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Last resort, p.31
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       Last Resort, p.31

           Jill Sanders
 
Chapter Fifteen

  The weeks between Thanksgiving and Christmas were busy for him. Luke found it hard to find time to get back down to Emerald Beach. He wanted to finish the talk with his father and maybe see what he was up to. It wasn’t like his father to sit back and not have a plan in motion.

  As he drove the highway, he thought of his own plans, plans that included asking Cassey to marry him. He thought the Christmas holiday was the best time. He could just imagine asking her on the beach.

  She had yet to say she loved him back, and every time he told her, a strange look would cross her face. He considered himself to be a very patient man, but he really wished she would tell him what was going on, why she held herself back like that. He could tell that he mattered to her; after all, she’d let him officially move in, something that had never happened before, according to Wendy. And according to her brothers, something they thought would never happen.

  When he drove up to the hotel, he noticed his father’s car wasn’t parked out front. Frowning, he walked into the building and was quickly approached by one of the employees.

  “Oh, Mr. Wallace, I’m so sorry to hear about your father.” She looked over her shoulder, then back at him. “Will you tell him that all of us here are pulling for him to get better?”

  “What are you talking about?” He had a sinking feeling in his gut and after gazing around the lobby, he realized everyone was looking at him funny.

  Less than an hour later he stood over his father, a deep frown on his lips as he looked at the man who had never been sick a day in his life. A stroke at the age of fifty-eight. Luke hadn’t seen it coming. Nor had anyone else, including his mother, who stood next to him, holding his hand.

  “We were having tea with the DeFords. You remember, the nice couple who owned the condo next to ours in Maui. Anyway, your father had been feeling just a little under the weather since Thanksgiving.” His mother looked down at his father as he slept in a drugged state. She shook her head as a tear fell down her cheek. “He just slumped over. At first I thought he was joking,” She reached up and wiped the tear away quickly.

  “What have the doctors said?”

  “That he’s stable now.” She shook her head. “They say he might have some permanent damage, but they’ll know more once he wakes up.”

  “He hasn’t woken yet?”

  “No.” She quickly dashed away some more tears.

  “Mom—” He started to apologize for not being there, but just then his phone beeped. Seeing Cassey’s number, he excused himself from the room.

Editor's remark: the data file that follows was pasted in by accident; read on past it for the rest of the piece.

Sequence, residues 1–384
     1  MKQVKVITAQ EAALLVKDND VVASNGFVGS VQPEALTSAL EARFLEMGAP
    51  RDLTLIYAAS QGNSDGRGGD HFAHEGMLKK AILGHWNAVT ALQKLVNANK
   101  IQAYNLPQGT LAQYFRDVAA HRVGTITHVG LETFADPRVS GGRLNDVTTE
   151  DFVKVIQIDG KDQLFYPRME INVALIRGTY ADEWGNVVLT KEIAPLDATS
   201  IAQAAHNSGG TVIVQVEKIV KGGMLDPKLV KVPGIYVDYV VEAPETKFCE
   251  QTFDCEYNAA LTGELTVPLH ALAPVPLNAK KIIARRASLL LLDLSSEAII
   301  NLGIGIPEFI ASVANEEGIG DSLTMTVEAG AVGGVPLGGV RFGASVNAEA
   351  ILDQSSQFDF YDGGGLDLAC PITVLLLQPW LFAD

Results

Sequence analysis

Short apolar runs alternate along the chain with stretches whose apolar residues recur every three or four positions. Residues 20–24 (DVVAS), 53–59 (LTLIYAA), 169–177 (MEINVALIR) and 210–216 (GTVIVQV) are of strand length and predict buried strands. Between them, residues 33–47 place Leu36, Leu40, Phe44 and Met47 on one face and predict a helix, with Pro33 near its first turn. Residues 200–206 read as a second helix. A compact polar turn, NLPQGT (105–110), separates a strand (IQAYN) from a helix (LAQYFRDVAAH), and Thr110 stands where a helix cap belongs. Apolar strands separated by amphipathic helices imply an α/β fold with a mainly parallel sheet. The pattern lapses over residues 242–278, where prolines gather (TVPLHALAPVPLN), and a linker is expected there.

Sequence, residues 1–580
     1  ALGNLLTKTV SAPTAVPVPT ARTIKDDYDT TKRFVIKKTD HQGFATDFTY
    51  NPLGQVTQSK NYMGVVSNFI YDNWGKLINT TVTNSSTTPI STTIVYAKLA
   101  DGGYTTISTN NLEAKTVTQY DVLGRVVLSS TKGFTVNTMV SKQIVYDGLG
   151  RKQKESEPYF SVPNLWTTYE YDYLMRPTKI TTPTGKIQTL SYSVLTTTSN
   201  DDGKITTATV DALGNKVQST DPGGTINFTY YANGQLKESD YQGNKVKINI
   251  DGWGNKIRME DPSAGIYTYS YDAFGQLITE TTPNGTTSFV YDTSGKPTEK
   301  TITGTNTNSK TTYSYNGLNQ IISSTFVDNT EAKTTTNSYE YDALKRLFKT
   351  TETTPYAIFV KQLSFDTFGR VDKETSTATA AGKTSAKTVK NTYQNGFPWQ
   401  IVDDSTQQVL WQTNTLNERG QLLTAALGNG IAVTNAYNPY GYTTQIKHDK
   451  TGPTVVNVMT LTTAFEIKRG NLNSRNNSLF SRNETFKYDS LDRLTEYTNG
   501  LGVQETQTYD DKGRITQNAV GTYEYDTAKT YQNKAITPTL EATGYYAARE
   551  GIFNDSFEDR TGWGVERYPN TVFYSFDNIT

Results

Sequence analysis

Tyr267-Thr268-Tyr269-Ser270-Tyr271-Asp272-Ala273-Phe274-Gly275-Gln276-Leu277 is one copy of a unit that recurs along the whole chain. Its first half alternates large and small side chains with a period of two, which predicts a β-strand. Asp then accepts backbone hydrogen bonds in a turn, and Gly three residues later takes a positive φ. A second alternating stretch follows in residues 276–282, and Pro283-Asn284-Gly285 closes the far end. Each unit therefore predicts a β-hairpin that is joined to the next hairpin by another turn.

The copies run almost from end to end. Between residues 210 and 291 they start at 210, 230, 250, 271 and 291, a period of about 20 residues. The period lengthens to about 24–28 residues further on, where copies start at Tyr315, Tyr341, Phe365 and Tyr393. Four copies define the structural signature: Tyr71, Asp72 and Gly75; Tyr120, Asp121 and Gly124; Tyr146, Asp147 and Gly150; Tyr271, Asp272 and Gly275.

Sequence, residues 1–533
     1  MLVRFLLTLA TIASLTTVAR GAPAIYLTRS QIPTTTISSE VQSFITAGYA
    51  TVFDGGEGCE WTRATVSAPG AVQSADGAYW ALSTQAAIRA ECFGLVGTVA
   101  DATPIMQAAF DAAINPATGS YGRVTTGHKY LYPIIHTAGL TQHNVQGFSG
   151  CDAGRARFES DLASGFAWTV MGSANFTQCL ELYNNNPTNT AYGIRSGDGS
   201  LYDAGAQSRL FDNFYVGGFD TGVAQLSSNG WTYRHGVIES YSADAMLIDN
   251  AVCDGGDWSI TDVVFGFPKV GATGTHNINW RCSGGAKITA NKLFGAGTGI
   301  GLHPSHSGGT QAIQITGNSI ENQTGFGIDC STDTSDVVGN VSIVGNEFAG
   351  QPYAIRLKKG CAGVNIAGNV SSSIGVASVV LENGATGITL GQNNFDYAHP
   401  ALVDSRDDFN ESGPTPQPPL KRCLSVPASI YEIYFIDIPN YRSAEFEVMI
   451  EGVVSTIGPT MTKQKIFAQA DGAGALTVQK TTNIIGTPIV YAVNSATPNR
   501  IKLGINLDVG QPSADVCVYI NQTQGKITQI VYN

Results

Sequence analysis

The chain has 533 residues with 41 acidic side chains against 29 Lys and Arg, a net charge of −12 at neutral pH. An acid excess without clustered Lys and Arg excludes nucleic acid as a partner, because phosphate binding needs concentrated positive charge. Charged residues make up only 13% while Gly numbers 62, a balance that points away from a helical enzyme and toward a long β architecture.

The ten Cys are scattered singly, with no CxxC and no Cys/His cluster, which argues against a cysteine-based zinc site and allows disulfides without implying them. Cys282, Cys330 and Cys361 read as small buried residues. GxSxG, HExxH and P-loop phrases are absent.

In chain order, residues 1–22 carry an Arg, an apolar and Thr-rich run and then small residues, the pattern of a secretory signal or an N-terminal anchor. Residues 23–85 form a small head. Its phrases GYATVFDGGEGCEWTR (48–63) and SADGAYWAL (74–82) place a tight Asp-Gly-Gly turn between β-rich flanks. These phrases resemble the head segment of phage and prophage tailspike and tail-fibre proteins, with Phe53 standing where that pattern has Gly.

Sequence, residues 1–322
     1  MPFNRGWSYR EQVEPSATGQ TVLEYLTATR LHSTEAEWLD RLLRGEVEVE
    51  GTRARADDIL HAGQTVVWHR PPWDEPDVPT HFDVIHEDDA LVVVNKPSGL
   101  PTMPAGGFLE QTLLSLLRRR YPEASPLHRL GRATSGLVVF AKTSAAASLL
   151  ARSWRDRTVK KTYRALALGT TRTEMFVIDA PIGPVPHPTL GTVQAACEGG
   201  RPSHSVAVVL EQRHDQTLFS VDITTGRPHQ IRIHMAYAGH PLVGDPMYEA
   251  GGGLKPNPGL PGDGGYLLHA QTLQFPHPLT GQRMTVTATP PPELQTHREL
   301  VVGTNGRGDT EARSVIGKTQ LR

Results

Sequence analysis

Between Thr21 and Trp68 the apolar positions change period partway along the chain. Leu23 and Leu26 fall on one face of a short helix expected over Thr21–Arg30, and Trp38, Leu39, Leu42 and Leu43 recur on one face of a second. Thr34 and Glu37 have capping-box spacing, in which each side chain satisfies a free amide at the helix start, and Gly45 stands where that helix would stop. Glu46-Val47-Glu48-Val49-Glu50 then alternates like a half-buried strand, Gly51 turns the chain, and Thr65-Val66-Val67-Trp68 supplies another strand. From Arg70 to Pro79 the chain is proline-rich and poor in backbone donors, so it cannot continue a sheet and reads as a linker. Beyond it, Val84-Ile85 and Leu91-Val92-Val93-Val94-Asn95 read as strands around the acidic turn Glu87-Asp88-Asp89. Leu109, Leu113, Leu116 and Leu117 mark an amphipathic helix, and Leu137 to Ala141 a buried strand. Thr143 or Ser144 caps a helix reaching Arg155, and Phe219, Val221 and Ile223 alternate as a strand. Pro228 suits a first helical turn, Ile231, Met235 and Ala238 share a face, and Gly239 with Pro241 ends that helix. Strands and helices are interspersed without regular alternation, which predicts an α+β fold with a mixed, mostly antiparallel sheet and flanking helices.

“Hey, so I was wondering if you were going to stay up there tonight?”

  “Yes, Cassey, my father’s had a stroke,” he blurted out. He didn’t know what he felt; his emotions were hard to explain. He was feeling anger and sadness at the same time. If his father hadn’t been such a workaholic his whole life, maybe he wouldn’t have had the stroke.

  “Oh, no. Luke, I’m so sorry. What hospital?”

  He told her. “I’ll be there soon. I’m so sorry. Do you need anything?” she asked.

  “No, just you.” He couldn’t explain it, but he just knew that with her by his side, he could handle everything he had to.

  “I’ll be there. Give me an hour to tie up some loose ends around here first.”

  When he walked back into the room, his father’s eyes were open. His mother was sitting by his side, tears coming down her face.

  It was so hard to explain, but he wished he could be anywhere but in that room at that moment.

  “See, here he is Jeffery. I told you he had come.” His mother patted his father’s hand. “I just called for a nurse,” she said when he made a move towards the door to do so.

  He stood aside as several nurses came in, followed by a doctor a few minutes later. He watched as everyone bustled around his father. Every time someone moved aside, he noticed that his father’s eyes were glued to him. Then they were being asked to step outside while they examined his father more closely.

  Standing in the hall, hugging his mother, he realized he still hadn’t said anything to her. She just hung on his shirt and cried silently.

  It took almost fifteen minutes before the doctor walked out of the room again.

  “Well?” His mother gripped his arm tightly. “How is Jeffery?”

  “Your husband has suffered a mild stroke.” His mother sniffled. “He’s young and fit, which he has in his favor. But he has suffered some damage. Whether it’s temporary or permanent, I can’t say; it’s still too early to tell. He’ll need to stay here until we see improvements. Once he goes home, he’ll have to be looked after until he’s back on his feet.”

  “What about work?” Luke blurted out.

  The doctor shook his head. “I’m not sure. He has a long road to recovery ahead of him.”

  His mother gripped his arm even tighter. “Can we go back in?”

  “Yes, but only family at this time. We’ll move him to a more private room in the morning.”

  When they walked in the room again, his mother dropped his arm and rushed to his father’s side.

  “I’m here, Jeffery,” she said, over and over. “Luke is here, too,” she said, when she noticed his eyes on his son. “Come over here, Luke. Say something to your father.”

  Luke moved closer to the bed. His father lay there, looking old and frail for the first time in his memory.

  “I’m here,” he said, hearing his voice crack a little.

  “Calvin?” his father’s eyes lit up and Luke’s heart broke a little more.

 
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